Friday, January 19, 2018

Is there a difference between non-prohibition and authorization?

by Michael Dorf

A new National Constitution Center (NCC) podcast hosted by NCC President Jeffrey Rosen and featuring Cato's Ilya Shapiro and yours truly addresses federalism issues arising out of three controversies in the news: the pending Supreme Court case of Christie/Murphy v. NCAA; the rescission by Attorney General Sessions of the Cole memo regarding federal enforcement of the Controlled Substances Act with respect to marijuana in states that have legalized medical marijuana (and related actions regarding enforcement with regard to state-legal recreational marijuana); and the Trump/Sessions policy with respect to sanctuary cities.

The common thread running through each of these controversies is the constitutional doctrine forbidding the federal government from "commandeering" state legislative and executive officials. Because I have already commented on the marijuana and sanctuary cities issues, in this column I'm going to expand on a position I articulate in the podcast regarding the Supreme Court case, which involves the interaction of federal and state law on sports gambling.

A  good summary of the issues in (what I'll call) the NCAA case can be found on Cornell's Legal Information Institute website. To over-simplify, a provision of the federal Professional and Amateur Sports Protection Act (PASPA) makes it illegal for a state to "authorize" sports gambling. The law made exceptions for states that had on the books or enacted laws within a grace period, but New Jersey changed its law well outside the grace period. The question in the case is whether the application of PASPA to block NJ's repeal of its prior prohibition amounts to unconstitutional "commandeering" of the NJ legislature on the ground that it requires the state to maintain on the books a law it doesn't want.

Why is commandeering impermissible? Because the SCOTUS said so in 1992, in New York v. United States. The Supreme construed the 10th Amendment to forbid Congress from enacting legislation that requires a state to enact its own legislation regulating third parties. As I said during the NCC podcast, I agree with the dissenters in New York and the subsequent case involving commandeering of state and local executive officials that the anti-commandeering principle is not readily traceable to the 10th Amendment or to the constitutional structure, but I also don't have a problem with it as a policy matter. A well-written constitution might well contain an anti-commandeering principle, and it appears settled for now that the SCOTUS will treat our Constitution as containing one. The issue in NCAA is not whether to retain the anti-commandeering rule but how far it goes.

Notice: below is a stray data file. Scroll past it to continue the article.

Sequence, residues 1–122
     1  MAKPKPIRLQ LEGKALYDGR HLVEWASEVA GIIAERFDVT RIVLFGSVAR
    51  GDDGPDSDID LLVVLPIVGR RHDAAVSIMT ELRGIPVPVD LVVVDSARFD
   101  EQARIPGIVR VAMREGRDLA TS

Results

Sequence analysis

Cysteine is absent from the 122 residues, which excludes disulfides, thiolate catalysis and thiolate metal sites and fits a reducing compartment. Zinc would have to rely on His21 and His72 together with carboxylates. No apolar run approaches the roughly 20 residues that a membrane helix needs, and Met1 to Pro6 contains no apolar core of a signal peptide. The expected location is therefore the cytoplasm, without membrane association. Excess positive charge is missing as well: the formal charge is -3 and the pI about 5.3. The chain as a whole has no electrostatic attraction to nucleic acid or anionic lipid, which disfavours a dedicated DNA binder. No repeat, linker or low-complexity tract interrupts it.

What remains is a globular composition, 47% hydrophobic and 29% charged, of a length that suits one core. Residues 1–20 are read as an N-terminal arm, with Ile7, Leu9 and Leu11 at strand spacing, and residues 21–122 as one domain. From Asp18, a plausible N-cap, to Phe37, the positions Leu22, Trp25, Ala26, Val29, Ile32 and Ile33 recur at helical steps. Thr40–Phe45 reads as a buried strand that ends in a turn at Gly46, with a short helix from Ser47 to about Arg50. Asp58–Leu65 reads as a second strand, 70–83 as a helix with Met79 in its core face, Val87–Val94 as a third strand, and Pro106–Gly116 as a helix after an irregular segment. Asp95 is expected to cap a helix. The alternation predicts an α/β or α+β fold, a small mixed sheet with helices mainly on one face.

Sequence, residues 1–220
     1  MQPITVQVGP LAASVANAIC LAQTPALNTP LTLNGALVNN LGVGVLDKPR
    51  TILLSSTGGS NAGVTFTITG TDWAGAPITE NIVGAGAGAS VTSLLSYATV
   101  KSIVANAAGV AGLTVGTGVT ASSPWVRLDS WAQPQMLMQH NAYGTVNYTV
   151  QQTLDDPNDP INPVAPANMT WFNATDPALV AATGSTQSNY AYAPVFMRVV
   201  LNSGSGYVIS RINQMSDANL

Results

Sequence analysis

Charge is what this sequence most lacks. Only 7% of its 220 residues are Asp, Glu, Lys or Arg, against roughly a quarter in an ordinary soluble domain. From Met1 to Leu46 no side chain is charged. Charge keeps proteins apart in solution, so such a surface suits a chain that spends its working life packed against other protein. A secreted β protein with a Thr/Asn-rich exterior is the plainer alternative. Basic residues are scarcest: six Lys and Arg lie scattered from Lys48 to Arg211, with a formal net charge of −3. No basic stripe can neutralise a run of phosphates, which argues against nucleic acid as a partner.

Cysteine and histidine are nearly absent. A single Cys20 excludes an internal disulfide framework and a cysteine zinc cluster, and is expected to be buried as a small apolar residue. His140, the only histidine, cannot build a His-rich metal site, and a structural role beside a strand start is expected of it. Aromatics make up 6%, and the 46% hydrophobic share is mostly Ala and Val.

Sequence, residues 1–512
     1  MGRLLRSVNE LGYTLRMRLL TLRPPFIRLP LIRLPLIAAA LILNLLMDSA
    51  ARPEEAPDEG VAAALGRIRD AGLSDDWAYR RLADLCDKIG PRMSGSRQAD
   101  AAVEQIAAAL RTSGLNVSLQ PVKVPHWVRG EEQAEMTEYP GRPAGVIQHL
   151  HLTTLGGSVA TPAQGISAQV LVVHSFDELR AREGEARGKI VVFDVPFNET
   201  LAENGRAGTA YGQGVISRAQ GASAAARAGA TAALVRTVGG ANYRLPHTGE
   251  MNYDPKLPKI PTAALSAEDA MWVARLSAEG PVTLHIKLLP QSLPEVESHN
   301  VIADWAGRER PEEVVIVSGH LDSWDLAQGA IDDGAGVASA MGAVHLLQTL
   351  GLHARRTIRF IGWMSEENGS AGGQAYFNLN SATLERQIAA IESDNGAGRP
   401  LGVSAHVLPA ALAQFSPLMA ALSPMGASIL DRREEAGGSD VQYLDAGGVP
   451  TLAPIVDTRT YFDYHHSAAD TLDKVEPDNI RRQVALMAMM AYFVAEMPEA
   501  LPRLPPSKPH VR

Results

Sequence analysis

As the Court made clear in 1999 in Reno v. Condon, the anti-commandeering rule does not forbid Congress from regulating the states themselves, especially where, as in that case, the states are acting in much the way that private parties might. (Condon upheld a prohibition on the disclosure to third parties by the states of private driver license info.) Applying Condon, it is or should be clear that insofar as PASPA forbids the states themselves from conducting sports gambling, it does not run afoul of the anti-commandeering principle.

In the briefs and oral argument, it also seemed to emerge that, insofar as PASPA tells a state like NJ that it cannot completely repeal its prohibition on sports gambling, that is forbidden commandeering. After all, telling a state to keep a law regulating third parties on the books is hardly distinguishable from telling a state that it must pass a law regulating third parties.

The argument over PASPA is mostly a matter of characterization, but it's an odd sort of argument. The premise of the NCAA's argument seems to be that a state can't constitutionally be forbidden from repealing a prohibition on third-party conduct outright (because that would be commandeering) but that it can be forbidden from repealing it part-way. As the NCAA brief puts the point, NJ's "effort to channel the state’s preferred forms of sports gambling to the state’s hand-picked venues for lawful gambling was an authorization dressed up as a 'partial repeal' . . . ."